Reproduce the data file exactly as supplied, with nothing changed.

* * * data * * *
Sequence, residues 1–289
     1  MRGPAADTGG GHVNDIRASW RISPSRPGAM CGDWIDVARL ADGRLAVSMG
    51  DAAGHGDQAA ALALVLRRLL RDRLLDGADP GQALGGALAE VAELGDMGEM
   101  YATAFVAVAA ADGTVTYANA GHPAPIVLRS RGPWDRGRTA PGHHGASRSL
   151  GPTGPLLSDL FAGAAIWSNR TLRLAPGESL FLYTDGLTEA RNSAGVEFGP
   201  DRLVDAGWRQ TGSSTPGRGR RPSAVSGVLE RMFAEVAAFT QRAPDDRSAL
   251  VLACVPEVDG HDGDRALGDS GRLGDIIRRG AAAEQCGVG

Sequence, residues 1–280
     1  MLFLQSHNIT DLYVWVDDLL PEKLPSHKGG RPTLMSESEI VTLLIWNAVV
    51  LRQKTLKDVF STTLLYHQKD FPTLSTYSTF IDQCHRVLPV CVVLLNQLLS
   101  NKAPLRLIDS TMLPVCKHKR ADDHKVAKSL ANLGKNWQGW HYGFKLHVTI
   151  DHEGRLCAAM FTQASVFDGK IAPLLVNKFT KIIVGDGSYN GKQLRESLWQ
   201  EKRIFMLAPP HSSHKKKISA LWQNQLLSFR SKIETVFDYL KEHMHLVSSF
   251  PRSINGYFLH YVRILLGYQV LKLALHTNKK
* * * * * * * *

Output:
Sequence, residues 1–289
     1  MRGPAADTGG GHVNDIRASW RISPSRPGAM CGDWIDVARL ADGRLAVSMG
    51  DAAGHGDQAA ALALVLRRLL RDRLLDGADP GQALGGALAE VAELGDMGEM
   101  YATAFVAVAA ADGTVTYANA GHPAPIVLRS RGPWDRGRTA PGHHGASRSL
   151  GPTGPLLSDL FAGAAIWSNR TLRLAPGESL FLYTDGLTEA RNSAGVEFGP
   201  DRLVDAGWRQ TGSSTPGRGR RPSAVSGVLE RMFAEVAAFT QRAPDDRSAL
   251  VLACVPEVDG HDGDRALGDS GRLGDIIRRG AAAEQCGVG

Sequence, residues 1–280
     1  MLFLQSHNIT DLYVWVDDLL PEKLPSHKGG RPTLMSESEI VTLLIWNAVV
    51  LRQKTLKDVF STTLLYHQKD FPTLSTYSTF IDQCHRVLPV CVVLLNQLLS
   101  NKAPLRLIDS TMLPVCKHKR ADDHKVAKSL ANLGKNWQGW HYGFKLHVTI
   151  DHEGRLCAAM FTQASVFDGK IAPLLVNKFT KIIVGDGSYN GKQLRESLWQ
   201  EKRIFMLAPP HSSHKKKISA LWQNQLLSFR SKIETVFDYL KEHMHLVSSF
   251  PRSINGYFLH YVRILLGYQV LKLALHTNKK